There has always been a tension in revenue assurance between those with a technical focus and those whose orientation faces more towards people and processes. The former like to write code and SQL queries, mine data and find leakages by using technology, whilst the latter use analytical and project management skills to elicit information from people, and then seek to drive necessary change. The technical types can excel at detecting issues by finding anomalies in data, but they might not have a clear idea of how to address the issues afterwards, sometimes leading to the tragedy of a job spent finding the recurrence of the same problems again and again. Other skills are also very important to a successful RA team, but it is hard to make the argument for revenue assurance if it never detects leakages in the first place. RA teams need a range of skills, and not everybody will be good at everything. Allowing for that, I still believe many practitioners lack an adequate grounding in mathematics and logical thinking, and it is a severe weakness to expect only the ‘technical’ side of the RA team to be competent with numbers and the basics of data science. To encourage a more rounded view of education I recently submitted two papers on maths and logic to the library of the Risk & Assurance Group (RAG), and I am happy to say they have been approved following a review by RAG members.
In “Using Statistics for Precision Assurance Testing: A Worked Example” I show how to use statistics to calculate the size of a sample for testing. Part of my motivation for producing this paper is the realization that many intelligent and numerate practitioners choose to be lazy when it comes to making such calculations. The maths may not be that hard, but rather than perform the calculations it is easier to justify a poor decision by relying on prejudice and expecting nobody to argue against it. As a consequence, I have heard all sorts of ridiculous things said about sample sizes, including the following.
- ‘A smaller sample size is best because we find too many issues already. We mostly get false positives so we would waste time if we took a larger sample.’
- ‘If you only take a sample then all the issues will be with the calls you did not sample, so you have to test all of them to be sure.’
Both of these statements are nonsense. False positives are not a good justification for doing less work in total. Misleading test results should be addressed by improving the accuracy of tests, not by doing fewer tests. On the other hand, I have heard some bald-faced liars insist that sampling is never adequate and you always have to test the whole population. This is especially shocking when it comes from people who are computer scientists or people who are otherwise mathematically competent but who have chosen to use unscientific prejudice to sell more software. If anyone really believes you need to test a whole population involving millions or billions of transactions in order to form a reliable opinion about error rates then they desperately need to be given the remedial maths education which they did not receive at school. The paper shows that even when setting yourself an unusually precise assurance goal – the worked example requires that less than 1 call in every 50,000 will be charged incorrectly – you can attain a very high level of confidence with samples that are several hundred thousand in size. So the efficiency saving becomes obvious if given the choice between testing a billion transactions or testing the several hundred thousand transactions needed to gain statistical confidence that there is a very low error rate in practice.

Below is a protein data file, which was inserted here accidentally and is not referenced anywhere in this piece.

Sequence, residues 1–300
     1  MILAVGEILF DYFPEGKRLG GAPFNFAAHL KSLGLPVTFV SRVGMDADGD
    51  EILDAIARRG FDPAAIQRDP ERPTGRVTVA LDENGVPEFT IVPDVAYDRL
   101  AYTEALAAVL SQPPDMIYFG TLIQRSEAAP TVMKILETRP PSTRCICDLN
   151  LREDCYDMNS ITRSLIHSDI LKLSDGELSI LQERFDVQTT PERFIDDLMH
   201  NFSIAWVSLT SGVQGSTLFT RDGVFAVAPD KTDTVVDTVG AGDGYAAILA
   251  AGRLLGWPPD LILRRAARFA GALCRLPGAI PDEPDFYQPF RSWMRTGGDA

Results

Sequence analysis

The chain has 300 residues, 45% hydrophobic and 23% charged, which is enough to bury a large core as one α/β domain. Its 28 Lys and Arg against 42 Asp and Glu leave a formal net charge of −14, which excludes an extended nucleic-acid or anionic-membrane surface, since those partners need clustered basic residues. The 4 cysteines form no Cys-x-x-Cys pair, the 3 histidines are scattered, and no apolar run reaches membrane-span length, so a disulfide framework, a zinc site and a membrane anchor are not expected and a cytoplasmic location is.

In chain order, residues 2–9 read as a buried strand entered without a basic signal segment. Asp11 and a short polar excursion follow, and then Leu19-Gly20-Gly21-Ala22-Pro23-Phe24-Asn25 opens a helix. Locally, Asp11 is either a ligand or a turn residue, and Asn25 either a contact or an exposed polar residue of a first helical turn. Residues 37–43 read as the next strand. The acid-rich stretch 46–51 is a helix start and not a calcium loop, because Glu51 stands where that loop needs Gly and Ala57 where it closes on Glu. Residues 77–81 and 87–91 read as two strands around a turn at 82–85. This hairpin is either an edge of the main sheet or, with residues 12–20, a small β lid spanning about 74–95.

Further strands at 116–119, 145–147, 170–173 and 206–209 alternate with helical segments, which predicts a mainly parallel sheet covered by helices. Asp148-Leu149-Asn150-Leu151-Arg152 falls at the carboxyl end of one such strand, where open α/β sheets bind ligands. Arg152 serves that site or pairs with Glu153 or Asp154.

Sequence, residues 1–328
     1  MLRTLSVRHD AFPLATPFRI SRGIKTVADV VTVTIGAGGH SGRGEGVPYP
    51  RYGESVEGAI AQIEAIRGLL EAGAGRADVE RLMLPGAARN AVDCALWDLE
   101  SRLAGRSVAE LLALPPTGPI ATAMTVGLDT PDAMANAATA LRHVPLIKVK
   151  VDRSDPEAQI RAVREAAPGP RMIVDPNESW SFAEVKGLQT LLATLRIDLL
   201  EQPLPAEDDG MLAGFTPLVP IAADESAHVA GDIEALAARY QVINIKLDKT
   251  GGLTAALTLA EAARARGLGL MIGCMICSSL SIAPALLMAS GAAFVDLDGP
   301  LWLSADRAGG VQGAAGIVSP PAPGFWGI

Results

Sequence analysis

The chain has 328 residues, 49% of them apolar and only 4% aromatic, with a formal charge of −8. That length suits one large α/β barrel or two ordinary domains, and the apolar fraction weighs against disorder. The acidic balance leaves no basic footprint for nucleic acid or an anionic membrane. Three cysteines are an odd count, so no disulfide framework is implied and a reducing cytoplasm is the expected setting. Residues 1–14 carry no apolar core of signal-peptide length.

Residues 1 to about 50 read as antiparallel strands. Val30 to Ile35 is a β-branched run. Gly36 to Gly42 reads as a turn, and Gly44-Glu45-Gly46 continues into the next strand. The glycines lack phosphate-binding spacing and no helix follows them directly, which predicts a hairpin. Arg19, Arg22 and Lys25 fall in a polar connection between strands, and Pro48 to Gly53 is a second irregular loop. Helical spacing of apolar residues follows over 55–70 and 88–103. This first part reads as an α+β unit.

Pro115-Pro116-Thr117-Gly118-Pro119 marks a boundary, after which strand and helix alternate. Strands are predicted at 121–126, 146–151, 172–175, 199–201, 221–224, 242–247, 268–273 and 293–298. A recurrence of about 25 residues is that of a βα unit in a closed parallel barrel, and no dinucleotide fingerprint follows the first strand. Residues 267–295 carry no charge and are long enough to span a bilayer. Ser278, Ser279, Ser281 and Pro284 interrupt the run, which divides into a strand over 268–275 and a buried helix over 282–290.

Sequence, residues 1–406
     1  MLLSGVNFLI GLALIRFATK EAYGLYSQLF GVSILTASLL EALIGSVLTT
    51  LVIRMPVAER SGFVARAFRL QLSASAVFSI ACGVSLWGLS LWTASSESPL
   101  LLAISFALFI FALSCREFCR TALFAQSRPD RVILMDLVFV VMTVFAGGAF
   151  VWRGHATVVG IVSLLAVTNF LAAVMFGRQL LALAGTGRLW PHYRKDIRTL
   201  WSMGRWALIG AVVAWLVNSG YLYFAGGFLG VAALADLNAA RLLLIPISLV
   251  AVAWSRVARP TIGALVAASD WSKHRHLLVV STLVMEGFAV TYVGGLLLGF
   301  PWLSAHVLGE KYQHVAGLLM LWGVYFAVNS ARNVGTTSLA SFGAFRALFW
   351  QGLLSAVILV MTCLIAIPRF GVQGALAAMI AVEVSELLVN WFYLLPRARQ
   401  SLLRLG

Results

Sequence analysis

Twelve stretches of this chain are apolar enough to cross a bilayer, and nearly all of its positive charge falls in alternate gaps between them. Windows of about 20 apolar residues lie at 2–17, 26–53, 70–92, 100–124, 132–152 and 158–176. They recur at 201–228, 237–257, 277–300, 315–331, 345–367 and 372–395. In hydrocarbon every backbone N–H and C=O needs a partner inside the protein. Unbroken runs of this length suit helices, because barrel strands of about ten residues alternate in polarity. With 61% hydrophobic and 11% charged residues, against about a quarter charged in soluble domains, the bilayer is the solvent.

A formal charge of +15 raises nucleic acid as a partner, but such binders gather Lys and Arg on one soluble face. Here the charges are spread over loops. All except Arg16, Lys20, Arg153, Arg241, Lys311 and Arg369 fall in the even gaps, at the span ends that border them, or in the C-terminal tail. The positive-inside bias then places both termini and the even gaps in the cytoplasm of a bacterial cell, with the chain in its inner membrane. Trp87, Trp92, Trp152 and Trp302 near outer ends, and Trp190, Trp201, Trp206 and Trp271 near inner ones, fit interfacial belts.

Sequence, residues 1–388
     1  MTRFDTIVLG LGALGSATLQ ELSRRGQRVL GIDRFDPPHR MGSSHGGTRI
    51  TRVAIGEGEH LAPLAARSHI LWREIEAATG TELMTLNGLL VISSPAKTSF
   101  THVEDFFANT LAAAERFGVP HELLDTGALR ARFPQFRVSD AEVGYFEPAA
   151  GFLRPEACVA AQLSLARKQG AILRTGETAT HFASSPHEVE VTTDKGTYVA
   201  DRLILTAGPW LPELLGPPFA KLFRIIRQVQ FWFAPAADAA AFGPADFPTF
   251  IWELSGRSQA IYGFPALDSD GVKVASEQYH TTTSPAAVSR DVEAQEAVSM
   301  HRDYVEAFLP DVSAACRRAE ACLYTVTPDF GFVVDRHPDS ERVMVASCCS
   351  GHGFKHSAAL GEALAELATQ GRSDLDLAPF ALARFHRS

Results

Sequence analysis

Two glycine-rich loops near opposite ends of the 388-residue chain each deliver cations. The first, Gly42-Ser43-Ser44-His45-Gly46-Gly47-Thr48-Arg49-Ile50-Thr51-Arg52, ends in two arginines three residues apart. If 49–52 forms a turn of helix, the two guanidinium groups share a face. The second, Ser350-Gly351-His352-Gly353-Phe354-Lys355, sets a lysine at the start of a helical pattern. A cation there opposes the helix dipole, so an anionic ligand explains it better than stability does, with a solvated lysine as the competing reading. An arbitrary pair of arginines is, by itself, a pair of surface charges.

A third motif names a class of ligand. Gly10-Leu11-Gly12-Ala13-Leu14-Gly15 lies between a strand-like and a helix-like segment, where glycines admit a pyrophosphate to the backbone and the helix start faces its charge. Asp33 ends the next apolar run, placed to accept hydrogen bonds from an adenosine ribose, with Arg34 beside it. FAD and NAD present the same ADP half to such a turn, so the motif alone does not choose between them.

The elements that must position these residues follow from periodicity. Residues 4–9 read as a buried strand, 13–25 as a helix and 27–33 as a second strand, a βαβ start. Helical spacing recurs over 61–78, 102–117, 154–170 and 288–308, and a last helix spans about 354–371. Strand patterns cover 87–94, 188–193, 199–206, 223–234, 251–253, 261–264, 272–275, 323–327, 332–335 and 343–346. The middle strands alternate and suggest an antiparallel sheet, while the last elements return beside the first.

Nothing in the statistics paper is difficult to understand. It can be followed by anyone willing to think methodically about how to work through a question. In practice we rarely seek such high levels of precision; when launching a new product we may be seeking quick assurance that errors afflict fewer than 1 percent of all related transactions. Hence the method used in the paper also illustrates how easy it is to apply a robust sampling technique when looking for rapid answers about risk exposure.
The other paper is entitled “The Objectives of Revenue Assurance: Completeness, Accuracy, Validity and Timeliness” though mostly it uses a simple formal logical system to discuss the difference between accuracy and validity. Unlike the statistics paper, I do not expect RA practitioners to learn first order predicate logic to do their jobs, but anybody with a basic understanding of computer science should already be familiar with the same logical concepts, even if they use different words to describe them. Starting with a funny rant about a not-as-funny row I had with a very intelligent colleague, the paper shows how logic can help us to avoid confusion when discussing objectives and circumstances. Error does not stem solely from software bugs or mistaken configurations. It is also caused by people failing to understand each other, often because one person makes an ambiguous assertion and the listener then makes false assumptions. We can improve our performance by applying logical thinking and using logical descriptions when performing our work. The specific comparison between accuracy and validity illustrates that many revenue assurance practitioners have used the same words but given them contradictory meanings, leading them to talk at cross-purposes, seemingly without knowing it.